It’s amazing sometimes how much life at MIT can seem removed from the rest of the world. After a summer full of restful night’s sleep, books read purely for pleasure, time to learn a new language, adventures in the mountains of Colorado and even time to be bored, it is nice to get back to my MIT life.
My summer started three days after my last final, when I boarded a flight bound for Mexico City, ready to start my summer in Mexico, funded by MISTI. I spent the summer pretending to be a grad student, working on a project that is looking at the vulnerability of the different neighborhoods of Mexico City to climate change. In between exploring a city of 20 million people, trying new foods, pretending I speak Spanish, climbing ancient pyramids, visiting rebel villages, learning about the Jewish history of Mexico City, watching the World Cup and working out with my bodybuilding buddies at the gym next to where I lived, I found time to contribute in what was hopefully a significant way to a really cool and useful project.
Frogs for sale at the Central de Abasto Market in Mexico City
After two and a half months living and working in Mexico City, I got to go home for three weeks, the longest consecutive time I have been home since starting MIT (more on the reasons behind that later). My home is Louisville, Colorado, and even though I have lived mere minutes from the mountains almost my entire life, I had never really explored them. I took a road trip with a good friend of mine from high school during which we decided Yellowstone is overrated and the Grand Tetons are breathtaking. I climbed my first fourteeners (mountains higher than 14,000 feet) and explored the trails in the foothills of the Rocky Mountains for the first time in my life.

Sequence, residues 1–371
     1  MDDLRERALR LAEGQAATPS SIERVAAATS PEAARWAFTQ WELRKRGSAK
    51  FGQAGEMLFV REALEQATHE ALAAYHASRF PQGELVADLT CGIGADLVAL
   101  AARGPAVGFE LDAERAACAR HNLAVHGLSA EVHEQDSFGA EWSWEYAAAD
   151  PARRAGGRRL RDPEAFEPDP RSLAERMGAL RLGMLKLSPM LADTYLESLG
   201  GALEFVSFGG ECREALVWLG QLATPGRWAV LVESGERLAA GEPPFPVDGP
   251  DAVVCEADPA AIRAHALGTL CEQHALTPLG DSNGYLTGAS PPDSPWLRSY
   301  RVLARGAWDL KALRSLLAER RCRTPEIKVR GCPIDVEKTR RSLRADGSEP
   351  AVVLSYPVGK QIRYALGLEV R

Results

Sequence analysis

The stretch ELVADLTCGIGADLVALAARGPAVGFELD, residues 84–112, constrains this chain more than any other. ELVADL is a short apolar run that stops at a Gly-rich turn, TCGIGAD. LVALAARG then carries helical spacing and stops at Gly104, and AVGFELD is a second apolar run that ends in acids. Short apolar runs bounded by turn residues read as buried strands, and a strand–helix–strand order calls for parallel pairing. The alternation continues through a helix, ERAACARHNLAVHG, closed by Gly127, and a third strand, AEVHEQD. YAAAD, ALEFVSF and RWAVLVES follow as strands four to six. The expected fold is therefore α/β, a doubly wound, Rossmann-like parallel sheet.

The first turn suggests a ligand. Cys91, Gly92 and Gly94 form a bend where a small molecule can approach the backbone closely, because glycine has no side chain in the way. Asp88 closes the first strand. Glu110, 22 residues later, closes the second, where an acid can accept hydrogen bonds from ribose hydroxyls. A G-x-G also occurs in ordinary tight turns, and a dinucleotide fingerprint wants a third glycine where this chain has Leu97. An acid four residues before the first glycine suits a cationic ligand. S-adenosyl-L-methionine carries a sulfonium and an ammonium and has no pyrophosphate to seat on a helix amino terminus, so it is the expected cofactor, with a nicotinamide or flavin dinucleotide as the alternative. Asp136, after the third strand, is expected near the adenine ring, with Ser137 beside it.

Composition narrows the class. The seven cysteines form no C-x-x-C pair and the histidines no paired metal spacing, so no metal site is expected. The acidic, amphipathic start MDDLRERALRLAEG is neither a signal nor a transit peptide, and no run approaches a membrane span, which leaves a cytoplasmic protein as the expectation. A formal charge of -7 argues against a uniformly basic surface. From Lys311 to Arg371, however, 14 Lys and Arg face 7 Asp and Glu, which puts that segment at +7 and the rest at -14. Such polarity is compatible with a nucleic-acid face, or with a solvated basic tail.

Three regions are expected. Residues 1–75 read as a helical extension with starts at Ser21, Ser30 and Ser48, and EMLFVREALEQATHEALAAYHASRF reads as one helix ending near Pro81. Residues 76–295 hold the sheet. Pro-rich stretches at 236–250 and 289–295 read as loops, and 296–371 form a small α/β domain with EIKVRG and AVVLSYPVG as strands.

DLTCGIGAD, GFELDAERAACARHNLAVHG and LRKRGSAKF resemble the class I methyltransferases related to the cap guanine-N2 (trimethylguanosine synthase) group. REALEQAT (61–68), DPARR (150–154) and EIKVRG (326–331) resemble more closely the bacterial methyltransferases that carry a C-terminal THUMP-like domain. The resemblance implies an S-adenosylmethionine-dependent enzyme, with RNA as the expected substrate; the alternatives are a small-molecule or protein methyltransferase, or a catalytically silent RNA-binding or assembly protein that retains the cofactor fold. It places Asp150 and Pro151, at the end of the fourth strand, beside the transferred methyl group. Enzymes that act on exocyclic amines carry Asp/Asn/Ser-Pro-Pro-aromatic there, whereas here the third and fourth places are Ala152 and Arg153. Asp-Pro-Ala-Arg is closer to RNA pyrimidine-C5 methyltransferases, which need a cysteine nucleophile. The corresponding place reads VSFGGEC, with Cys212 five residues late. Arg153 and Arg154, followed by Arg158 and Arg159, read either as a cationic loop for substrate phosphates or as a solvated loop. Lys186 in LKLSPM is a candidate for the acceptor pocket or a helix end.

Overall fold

The Grand Tetons
Descending Mt. Democrat
With all the free time and sleep that the summer holds, I am constantly amazed at how I function at MIT, but I love the life I lead. I am very excited to be back at my 6:30am rowing practices with my team, Engineers without Borders meetings, working, hanging out with my friends, and of course, classes and all that they entail. Being at MIT is like living in a bubble, but it is definitely a bubble I love to be in. The summer provides opportunities to learn how to navigate the “real world”, break some of the stereotypes of MIT (they exist everywhere!), and relax a little before diving back into classwork. I’m looking forward to sharing a bit of my world with all of you.